It’s been a long time since in every interview from Quentin Tarantino (Knoxville, 1963) the theme of retirement arises. Director of Pulp fiction wants to retire in his tenth film, so there would only be one more after Once upon a time in hollywood, and that leads to self-imposed pressure on your next project. The one that should conclude his career in style, put an end to the career of an essential filmmaker in the last three decades. Tarantino knows perfectly well what that means, and that is why it seems to give him anguish to detract from his own legacy.
The blood, the body and the feet of women in Tarantino’s cinema: empowerment or machismo?
The filmmaker is aware that he has an image to maintain. Because you only think in those terms: there is nothing so complex that it cannot be synthesized with an image that resonates by itself, that channels speeches from spectacularity. That is why his idea of turning to literature draws so much attention – he assures that when he retires from the cinema he will dedicate himself entirely to it – and that the first of his expressions has been a novel-expansion of Once upon a time in hollywood (Reservoir Books). Once upon a time in hollywood, movie, is not just that proverbial love letter to the cinema. It is also the definitive assumption of a thought strongly dependent on the visual, on the cultural construction of the gaze.
What’s the point of translating something like this into pages? A picture is worth a thousand words, after all. And the novel of Once upon a time in hollywood work with that certainty.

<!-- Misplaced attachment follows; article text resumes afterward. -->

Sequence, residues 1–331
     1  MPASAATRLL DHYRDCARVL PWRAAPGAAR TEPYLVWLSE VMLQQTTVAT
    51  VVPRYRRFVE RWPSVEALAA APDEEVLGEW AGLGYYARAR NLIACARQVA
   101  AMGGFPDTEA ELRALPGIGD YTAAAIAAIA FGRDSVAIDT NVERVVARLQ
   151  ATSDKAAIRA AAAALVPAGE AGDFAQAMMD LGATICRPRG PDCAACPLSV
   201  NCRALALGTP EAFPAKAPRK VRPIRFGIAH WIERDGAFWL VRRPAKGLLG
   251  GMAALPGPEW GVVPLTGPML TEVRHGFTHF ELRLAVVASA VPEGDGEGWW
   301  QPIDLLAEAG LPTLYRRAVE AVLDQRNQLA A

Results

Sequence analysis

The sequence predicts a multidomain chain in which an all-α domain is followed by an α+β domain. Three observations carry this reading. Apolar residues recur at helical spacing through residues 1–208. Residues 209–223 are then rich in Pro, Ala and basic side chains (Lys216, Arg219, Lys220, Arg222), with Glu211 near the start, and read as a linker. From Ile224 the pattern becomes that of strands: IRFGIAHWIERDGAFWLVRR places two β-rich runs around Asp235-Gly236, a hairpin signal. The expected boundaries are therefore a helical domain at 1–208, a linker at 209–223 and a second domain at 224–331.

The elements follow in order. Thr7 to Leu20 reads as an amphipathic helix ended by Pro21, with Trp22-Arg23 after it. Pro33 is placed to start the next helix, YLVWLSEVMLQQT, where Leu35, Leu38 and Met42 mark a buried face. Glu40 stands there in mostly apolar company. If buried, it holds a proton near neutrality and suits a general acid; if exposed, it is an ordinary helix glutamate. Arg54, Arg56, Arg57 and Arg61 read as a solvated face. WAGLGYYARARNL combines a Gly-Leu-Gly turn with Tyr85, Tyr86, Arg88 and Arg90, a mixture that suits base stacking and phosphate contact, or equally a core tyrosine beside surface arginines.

Leave the cinema alone
Once upon a time in hollywood it is a very complex film. The most sophisticated that Tarantino has ever done, the most capable of continuing to generate performances several years after its release. It may, however, that the primary key to begin decrypting it is in a specific image. Or in the confrontation of two images, rather: the actor Rick Dalton (Leonardo DiCaprio) burning Nazis with his flamethrower in one of his films, as opposed to Dalton himself, in the pool of his house, using this same flamethrower to finish off a young woman who calls insistently “hippie“.
Are the hippies the new Nazis? The novel does not delve into it outside of what was seen in the film; that is, outside of Dalton’s custom of naming the members of the Manson family that way, who within our reality murdered Sharon Tate and three other people on the night of August 8, 1969. In this reality, the movement hippie was associated with these crimes despite the fact that Manson and his people could only be linked to it for cosmetic purposes. Guided by the megalomania of its leader, the Manson family was an entity alien to the promoters of the Summer of Love and yet, culturally, it remained associated with them forever. Once upon a time in hollywood he shares this appreciation, and he does so because Tarantino’s thinking runs exclusively through pop channels.